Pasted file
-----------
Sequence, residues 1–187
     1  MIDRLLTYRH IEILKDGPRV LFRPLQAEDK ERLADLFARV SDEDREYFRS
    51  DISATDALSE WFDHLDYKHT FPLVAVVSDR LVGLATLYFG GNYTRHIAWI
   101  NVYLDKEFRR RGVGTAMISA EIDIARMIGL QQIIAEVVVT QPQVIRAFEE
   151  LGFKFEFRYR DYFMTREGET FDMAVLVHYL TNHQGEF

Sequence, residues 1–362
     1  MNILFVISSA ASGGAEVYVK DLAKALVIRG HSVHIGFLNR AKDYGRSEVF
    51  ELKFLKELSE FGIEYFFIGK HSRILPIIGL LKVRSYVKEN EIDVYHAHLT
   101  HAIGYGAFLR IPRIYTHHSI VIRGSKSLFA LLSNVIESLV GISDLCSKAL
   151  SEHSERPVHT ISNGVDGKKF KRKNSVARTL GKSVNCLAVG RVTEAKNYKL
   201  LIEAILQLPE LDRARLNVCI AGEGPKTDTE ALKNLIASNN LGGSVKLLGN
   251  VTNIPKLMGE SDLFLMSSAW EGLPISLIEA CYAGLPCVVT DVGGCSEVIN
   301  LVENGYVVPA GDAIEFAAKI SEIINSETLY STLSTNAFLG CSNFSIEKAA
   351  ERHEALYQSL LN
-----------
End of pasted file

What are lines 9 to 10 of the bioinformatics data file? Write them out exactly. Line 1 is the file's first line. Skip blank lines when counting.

   101  HAIGYGAFLR IPRIYTHHSI VIRGSKSLFA LLSNVIESLV GISDLCSKAL
   151  SEHSERPVHT ISNGVDGKKF KRKNSVARTL GKSVNCLAVG RVTEAKNYKL